Do you love sweet romance novels that make you laugh? Then you’ll want to check out Stacy Juba’s brand new chick lit novel, Prancing Around With Sleeping Beauty, the second book in the Storybook Valley series. The book was released March 5, and while it’s a follow-up to the popular Fooling Around With Cinderella, both novels can also be read as stand-alones. Come discover Storybook Valley, a fictional theme park in the Catskills of New York. If you love small town romance with humorous characters, theme parks, fairy tale fun, and amazing love stories, then Storybook Valley will be your new favorite series.
This Sleeping Beauty isn’t sure she wants to wake up…
Dance instructor Rory Callahan likes to play it safe. When she meets Kyle, he’s impulsive, persistent, and her exact opposite. He’s pushing her to tango way past her comfort zone and keeping Rory on her toes more than twenty years of dance teachers ever had.
Unfortunately, he’s the grandson of her family’s archrival and she doesn’t want to disappoint them. After all, her parents imagine her as a proper princess – hence her namesake Aurora, AKA Sleeping Beauty. Complicating matters, Rory’s also dealing with a surgeon boyfriend who’s perfect for her (sort of), an obnoxious boss, and desperate dance moms. Kyle wants to change her whole life, but Rory doesn’t like the stakes. After all, princesses are the ones who get the happy endings. . .aren’t they?
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Here’s what reviewers are saying:
“It’s fun and energetic and bright, everything you want in a romance novel.”
Emily Reads Everything
“This series is so charming. The characters are so incredibly endearing; I couldn’t help but fall in love with them.”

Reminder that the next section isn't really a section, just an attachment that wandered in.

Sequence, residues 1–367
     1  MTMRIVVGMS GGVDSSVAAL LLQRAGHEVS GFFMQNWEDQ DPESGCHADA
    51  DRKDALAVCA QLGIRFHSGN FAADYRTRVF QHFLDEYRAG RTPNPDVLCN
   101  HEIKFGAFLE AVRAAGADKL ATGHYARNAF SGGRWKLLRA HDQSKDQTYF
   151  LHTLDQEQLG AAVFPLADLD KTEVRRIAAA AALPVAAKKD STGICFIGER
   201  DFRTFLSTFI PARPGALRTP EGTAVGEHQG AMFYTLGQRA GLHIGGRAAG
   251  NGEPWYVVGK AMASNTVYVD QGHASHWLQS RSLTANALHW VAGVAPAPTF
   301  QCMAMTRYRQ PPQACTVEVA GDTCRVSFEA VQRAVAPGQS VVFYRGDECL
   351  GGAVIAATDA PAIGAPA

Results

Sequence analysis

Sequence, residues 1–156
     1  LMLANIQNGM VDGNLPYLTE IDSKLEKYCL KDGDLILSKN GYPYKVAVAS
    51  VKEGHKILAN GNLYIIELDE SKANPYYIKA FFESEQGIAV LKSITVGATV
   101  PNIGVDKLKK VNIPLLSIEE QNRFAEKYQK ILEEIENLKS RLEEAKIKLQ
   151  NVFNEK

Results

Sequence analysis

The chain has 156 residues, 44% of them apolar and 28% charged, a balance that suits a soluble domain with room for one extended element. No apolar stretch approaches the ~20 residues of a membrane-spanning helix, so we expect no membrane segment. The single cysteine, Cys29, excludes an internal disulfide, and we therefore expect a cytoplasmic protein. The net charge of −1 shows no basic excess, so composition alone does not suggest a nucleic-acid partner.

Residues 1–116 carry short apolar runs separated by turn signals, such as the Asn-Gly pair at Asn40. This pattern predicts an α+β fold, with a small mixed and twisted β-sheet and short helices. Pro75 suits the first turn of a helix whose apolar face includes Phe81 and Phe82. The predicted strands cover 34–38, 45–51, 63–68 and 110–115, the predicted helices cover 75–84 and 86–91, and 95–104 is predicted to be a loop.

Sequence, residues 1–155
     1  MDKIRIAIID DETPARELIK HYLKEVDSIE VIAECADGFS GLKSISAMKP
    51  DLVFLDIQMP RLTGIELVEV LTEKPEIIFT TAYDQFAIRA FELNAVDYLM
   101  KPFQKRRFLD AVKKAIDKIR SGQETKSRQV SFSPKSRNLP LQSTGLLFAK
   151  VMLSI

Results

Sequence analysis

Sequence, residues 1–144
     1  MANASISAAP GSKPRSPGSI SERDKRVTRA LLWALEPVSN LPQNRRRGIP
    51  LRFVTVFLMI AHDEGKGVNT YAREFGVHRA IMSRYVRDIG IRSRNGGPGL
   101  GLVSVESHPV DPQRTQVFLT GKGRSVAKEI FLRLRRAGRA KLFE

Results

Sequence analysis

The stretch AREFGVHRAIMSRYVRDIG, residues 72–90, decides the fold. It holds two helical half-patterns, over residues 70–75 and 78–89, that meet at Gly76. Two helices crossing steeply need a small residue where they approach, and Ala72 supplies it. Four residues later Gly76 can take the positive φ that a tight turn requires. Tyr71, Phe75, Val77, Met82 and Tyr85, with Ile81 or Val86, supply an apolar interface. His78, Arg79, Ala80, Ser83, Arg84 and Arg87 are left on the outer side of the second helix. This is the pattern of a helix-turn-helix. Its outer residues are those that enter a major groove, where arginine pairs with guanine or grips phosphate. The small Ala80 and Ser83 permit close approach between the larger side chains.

Boundless Book Reviews
“I chuckled, giggled and may have even snorted through Prancing Around with Sleeping Beauty…”
Among the Reads
Twilight had descended over the strip mall which also contained a pizza place, children’s art studio, New Age shop, bakery, and a consignment store with identical brick facades. A long sidewalk connected the storefronts. Rory’s phone chirped and she scanned a text as she strolled through the parking lot. A message from her older brother Jake, who lived in Maine.
Happy 25th. What new rose crap did you get this year?
Instead of making her chuckle, his joke elicited a sigh. She missed Jake and his toddler Quinn, but he never came home anymore thanks to a stupid fight with their parents. They went ballistic after he got a girl pregnant and accused him of ruining his life. Jake and the mother broke up, not surprising since she was a total flake, but he got an apartment a couple blocks away from her to be near his daughter. His absence meant he couldn’t take over the theme park, leaving room for Dylan to step forward.
Heading toward her car, she replied: Don’t know yet. I’m on my—
Augh! Rory stumbled over something and toppled to the ground, her phone sailing through the air. Her right hand slammed against the pavement, and pain seared through her. Sitting up, she glared at the object that had blocked her path. A spiky creature in a plastic carrier glared back at her.
Rory blinked. She could accept a black cat crossing her path, but she owed her unceremonious spill to a needle-infested rodent?
“Who leaves a porcupine in the middle of the parking lot?” she demanded.
“Who trips over a huge animal carrier? Oh, right, someone who’s texting while walking.” A brown-haired guy in a khaki zookeeper uniform and boots loomed over her. She stiffened at his words until she noticed the dimples sprinkled with cinnamon freckles. He wasn’t mad, just amused. “And it’s not a porcupine. It’s a hedgehog.”
“What’s the difference? It was still in the middle of the parking lot.”
He crouched beside her. “For starters, hedgehogs have shorter quills that can’t easily come off their bodies, while a porcupine’s quills can easily detach themselves. On average a hedgehog has 7,000 quills while a porcupine has approximately 30,000. And a porcupine can grow to triple the size, between 25-and-36 inches.”
“It was a rhetorical question.” Rory risked a glance at her throbbing hand and winced. Blood dripped down her finger.